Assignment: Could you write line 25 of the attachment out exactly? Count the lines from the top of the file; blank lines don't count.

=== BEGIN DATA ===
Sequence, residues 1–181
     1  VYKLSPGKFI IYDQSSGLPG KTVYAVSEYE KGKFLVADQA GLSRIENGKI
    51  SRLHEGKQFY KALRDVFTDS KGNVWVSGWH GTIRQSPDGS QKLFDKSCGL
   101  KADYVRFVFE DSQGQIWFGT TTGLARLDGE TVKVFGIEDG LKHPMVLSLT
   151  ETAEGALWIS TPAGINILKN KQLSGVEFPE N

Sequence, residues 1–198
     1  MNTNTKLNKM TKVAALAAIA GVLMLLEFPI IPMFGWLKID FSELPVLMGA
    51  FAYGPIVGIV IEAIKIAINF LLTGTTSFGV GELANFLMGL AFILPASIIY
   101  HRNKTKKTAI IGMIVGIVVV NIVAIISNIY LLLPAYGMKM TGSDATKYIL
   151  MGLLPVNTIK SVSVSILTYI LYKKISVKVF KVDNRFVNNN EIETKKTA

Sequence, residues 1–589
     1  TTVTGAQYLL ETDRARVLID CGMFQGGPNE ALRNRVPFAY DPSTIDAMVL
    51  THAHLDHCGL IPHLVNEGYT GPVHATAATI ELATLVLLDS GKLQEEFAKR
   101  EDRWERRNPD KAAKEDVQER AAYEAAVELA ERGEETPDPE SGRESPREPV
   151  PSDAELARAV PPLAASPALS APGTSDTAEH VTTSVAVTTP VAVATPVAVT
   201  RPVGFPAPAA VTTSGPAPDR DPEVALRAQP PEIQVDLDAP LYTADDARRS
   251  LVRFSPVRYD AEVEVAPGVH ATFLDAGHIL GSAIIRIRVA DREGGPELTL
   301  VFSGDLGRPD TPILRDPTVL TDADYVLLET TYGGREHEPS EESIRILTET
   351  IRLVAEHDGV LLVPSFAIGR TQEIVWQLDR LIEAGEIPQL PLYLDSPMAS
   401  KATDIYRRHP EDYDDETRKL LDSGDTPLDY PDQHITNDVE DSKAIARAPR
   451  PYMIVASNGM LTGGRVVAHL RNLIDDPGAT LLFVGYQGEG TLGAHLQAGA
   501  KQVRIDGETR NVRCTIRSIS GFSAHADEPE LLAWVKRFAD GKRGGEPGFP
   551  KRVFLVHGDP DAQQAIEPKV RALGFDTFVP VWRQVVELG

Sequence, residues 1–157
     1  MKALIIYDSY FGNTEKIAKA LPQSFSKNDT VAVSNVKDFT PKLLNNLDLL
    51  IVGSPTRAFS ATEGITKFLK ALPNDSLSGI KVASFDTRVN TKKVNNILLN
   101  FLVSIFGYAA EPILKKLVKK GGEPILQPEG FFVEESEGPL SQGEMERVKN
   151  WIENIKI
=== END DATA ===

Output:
     1  MKALIIYDSY FGNTEKIAKA LPQSFSKNDT VAVSNVKDFT PKLLNNLDLL